Published: Sun, June 10, 2018
Research | By Raquel Erickson

Key 'Step Forward' In Cutting Cost Of Removing CO2 From Air

Key 'Step Forward' In Cutting Cost Of Removing CO2 From Air

Carbon Engineering says the technique unveiled today has already been implemented at its small, pilot plant in Squamish, British Columbia.

Is that gasoline in the making pouring out of those smokestacks? They are using direct air capture.

He and his colleagues estimate that their company, Carbon Engineering, could capture CO2 for between $94 and $232 per metric ton.

Finally, the carbon dioxide is combined with hydrogen and converted into liquid fuels, including gasoline, diesel, and jet fuel. Plants naturally remove Carbon dioxide from the air, and the proposed machine would mimic their natural actions. Doing that on a large scale would nearly surely require significant cost reductions, a high price on carbon, or other public policy support.

To date, atmospheric carbon capture has been deemed too expensive to be practical, because of the high energy inputs.

The paper's primary researcher was David Keith, Founder of CE.

The idea of direct air capture is hardly new, but the successful implementation of a scalable and cost-effective working pilot plant is.

In addition to funds raised by Carbon Engineering, this work was supported by the British Columbia Innovative Clean Energy Fund, Sustainable Development Technologies Canada, the Industrial Research Assistanceship Program, and the U.S. Department of Energy. CE has a pilot plant in Squamish, British Columbia, which has been removing Carbon dioxide from the atmosphere since 2015. So if new fuels are going to actually become widespread, the government may need to provide some subsidies to drop the cost.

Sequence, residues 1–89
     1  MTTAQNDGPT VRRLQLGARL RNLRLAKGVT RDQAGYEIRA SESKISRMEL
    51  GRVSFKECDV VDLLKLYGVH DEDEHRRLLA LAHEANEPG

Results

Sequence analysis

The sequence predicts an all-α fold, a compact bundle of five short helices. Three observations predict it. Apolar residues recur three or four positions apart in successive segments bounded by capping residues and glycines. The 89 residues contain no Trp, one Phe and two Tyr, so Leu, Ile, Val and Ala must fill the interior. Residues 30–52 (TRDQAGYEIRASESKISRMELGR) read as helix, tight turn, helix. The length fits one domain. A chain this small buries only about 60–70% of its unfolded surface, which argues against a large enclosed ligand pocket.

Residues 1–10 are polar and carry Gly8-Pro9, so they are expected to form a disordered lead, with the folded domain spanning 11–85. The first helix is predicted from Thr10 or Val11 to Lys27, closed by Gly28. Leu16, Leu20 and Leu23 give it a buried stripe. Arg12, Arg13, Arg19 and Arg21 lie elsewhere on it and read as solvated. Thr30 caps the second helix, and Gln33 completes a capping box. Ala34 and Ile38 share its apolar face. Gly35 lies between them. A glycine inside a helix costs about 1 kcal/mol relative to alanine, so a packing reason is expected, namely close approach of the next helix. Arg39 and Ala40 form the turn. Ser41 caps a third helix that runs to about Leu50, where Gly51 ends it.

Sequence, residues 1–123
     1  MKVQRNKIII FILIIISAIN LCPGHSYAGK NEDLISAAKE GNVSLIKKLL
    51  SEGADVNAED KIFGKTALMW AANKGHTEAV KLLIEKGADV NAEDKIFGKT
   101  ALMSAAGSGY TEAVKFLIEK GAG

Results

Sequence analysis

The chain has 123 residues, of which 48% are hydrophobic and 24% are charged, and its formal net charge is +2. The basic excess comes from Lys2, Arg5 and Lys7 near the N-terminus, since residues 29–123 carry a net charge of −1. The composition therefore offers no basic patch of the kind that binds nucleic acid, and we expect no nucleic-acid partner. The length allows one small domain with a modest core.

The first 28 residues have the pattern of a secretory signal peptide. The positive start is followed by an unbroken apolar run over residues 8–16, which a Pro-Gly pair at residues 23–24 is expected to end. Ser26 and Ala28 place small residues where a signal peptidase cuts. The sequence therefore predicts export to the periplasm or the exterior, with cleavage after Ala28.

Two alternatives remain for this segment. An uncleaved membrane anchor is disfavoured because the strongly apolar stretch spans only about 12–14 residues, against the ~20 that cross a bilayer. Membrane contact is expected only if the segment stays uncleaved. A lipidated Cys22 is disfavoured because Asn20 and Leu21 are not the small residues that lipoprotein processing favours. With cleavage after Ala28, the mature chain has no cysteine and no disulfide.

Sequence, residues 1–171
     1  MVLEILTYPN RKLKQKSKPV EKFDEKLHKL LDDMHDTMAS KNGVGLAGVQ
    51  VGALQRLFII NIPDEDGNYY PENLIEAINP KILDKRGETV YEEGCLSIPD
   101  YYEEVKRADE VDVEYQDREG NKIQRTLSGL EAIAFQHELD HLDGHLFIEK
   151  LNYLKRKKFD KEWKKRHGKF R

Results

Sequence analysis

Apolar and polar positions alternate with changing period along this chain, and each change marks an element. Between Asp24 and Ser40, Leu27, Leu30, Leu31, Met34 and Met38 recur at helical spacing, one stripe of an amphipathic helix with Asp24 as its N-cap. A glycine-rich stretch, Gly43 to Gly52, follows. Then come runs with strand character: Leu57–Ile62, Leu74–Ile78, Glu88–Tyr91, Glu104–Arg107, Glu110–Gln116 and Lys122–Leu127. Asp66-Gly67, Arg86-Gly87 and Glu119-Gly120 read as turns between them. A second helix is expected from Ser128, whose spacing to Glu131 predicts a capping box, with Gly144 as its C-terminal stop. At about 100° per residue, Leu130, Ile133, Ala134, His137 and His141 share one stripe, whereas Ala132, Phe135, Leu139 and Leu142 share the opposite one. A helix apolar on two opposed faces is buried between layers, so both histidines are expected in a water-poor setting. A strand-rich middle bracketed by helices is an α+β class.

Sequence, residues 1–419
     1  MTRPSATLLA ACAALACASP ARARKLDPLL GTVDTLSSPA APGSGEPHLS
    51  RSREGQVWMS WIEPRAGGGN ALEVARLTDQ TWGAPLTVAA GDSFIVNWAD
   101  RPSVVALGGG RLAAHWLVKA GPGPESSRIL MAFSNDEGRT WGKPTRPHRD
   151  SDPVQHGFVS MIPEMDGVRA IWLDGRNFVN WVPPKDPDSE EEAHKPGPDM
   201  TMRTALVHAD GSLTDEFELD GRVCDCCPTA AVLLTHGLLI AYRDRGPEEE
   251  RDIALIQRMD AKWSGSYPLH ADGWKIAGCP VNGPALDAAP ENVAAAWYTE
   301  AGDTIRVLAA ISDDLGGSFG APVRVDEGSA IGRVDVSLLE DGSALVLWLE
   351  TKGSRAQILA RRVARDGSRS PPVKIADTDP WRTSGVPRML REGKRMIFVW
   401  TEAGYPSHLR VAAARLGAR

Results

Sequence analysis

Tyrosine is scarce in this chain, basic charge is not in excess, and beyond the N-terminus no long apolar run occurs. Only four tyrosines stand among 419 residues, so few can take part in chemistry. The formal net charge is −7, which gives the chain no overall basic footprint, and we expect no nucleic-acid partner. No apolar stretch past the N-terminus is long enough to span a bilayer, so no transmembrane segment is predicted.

What if we could directly capture Carbon dioxide from the atmosphere and turn that into fuel? The liquid goes through a series of steps that include freezing it into pellets and then transforming it into a slurry.

The process uses a liquid sorbent to collect the CO2, unlike others that have used a solid sorbent.

The Swiss company Climeworks has a 900 ton of Carbon dioxide per year commercial facility that has been operating since 2017.

The Carbon Engineering facility is far smaller than the Climeworks operations, now removing just one metric ton, or 2,200 pounds, of CO2 from the atmosphere each day. Producing new fuel at the end provides a way to pay for the effort. "We're ready to build a much larger plant".

The plant draws in air, Carbon dioxide being scrubbed out and eventually combined with hydrogen to form a variety of different liquid fuels. The company is now making around one barrel a day by combining the pure Carbon dioxide with hydrogen derived from water, using renewable energy. And with oil prices surging in recent months, it might not have to worry about being able to compete with traditional sources.

The study implies that falling costs of solar power could produce hydrogen affordably from electrolysis without producing an excessive increase in CO2. If that problem is not addressed, experts stress, the price tag could run into the trillions of dollars in terms of flooding, as oceans rise and the weather grows more volatile, losses in food production and other problems.

United Nations reports indicate that governments may have to deploy such novel technologies this century to remove carbon from nature and bury it to limit global warming under the 2015 Paris climate agreement.

What makes DAC so useful is that it's completely scaleable - so rather than having to develop new technologies to make it bigger, you simply build lots of them.

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